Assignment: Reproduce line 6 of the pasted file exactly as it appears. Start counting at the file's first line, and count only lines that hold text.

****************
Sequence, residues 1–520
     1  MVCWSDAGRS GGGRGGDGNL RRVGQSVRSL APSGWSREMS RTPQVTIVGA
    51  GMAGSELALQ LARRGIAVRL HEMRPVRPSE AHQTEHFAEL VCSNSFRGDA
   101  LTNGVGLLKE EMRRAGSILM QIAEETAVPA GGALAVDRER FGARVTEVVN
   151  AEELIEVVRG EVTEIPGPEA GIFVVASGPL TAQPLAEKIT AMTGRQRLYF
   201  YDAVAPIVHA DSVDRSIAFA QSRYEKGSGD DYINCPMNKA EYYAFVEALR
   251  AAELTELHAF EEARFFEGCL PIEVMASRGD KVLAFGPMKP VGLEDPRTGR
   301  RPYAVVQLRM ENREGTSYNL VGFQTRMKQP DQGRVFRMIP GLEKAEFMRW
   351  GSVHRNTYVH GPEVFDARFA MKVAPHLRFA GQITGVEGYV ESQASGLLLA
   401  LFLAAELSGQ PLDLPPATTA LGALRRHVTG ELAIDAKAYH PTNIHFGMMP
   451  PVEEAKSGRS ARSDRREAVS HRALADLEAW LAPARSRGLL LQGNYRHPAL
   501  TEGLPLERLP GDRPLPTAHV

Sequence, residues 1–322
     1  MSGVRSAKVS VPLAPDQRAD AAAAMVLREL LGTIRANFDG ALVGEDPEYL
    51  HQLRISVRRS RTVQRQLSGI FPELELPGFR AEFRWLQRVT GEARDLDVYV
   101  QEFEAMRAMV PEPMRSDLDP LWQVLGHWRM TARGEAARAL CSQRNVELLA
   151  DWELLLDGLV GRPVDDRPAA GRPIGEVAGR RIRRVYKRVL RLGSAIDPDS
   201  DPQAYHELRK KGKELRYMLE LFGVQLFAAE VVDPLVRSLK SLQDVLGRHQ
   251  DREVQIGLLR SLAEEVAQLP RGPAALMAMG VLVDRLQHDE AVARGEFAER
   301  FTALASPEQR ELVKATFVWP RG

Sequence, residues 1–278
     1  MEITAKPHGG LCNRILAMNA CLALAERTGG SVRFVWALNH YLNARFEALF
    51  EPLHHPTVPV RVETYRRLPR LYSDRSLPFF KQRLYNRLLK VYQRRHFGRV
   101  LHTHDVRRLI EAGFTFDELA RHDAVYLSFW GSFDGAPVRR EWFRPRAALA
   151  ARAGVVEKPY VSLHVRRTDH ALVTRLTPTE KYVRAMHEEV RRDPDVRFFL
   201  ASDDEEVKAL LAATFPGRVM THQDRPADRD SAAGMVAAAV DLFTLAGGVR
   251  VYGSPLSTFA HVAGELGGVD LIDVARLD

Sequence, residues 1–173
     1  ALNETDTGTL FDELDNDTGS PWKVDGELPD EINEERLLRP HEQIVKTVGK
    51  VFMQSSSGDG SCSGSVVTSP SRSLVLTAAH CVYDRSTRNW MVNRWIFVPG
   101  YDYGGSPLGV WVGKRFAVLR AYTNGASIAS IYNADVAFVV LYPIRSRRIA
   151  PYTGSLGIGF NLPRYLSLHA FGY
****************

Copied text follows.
   201  YDAVAPIVHA DSVDRSIAFA QSRYEKGSGD DYINCPMNKA EYYAFVEALR